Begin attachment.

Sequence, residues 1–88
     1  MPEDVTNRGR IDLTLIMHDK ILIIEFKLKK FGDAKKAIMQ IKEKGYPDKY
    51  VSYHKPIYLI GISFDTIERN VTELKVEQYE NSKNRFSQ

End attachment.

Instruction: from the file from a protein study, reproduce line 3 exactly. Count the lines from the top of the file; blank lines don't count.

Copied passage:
    51  VSYHKPIYLI GISFDTIERN VTELKVEQYE NSKNRFSQ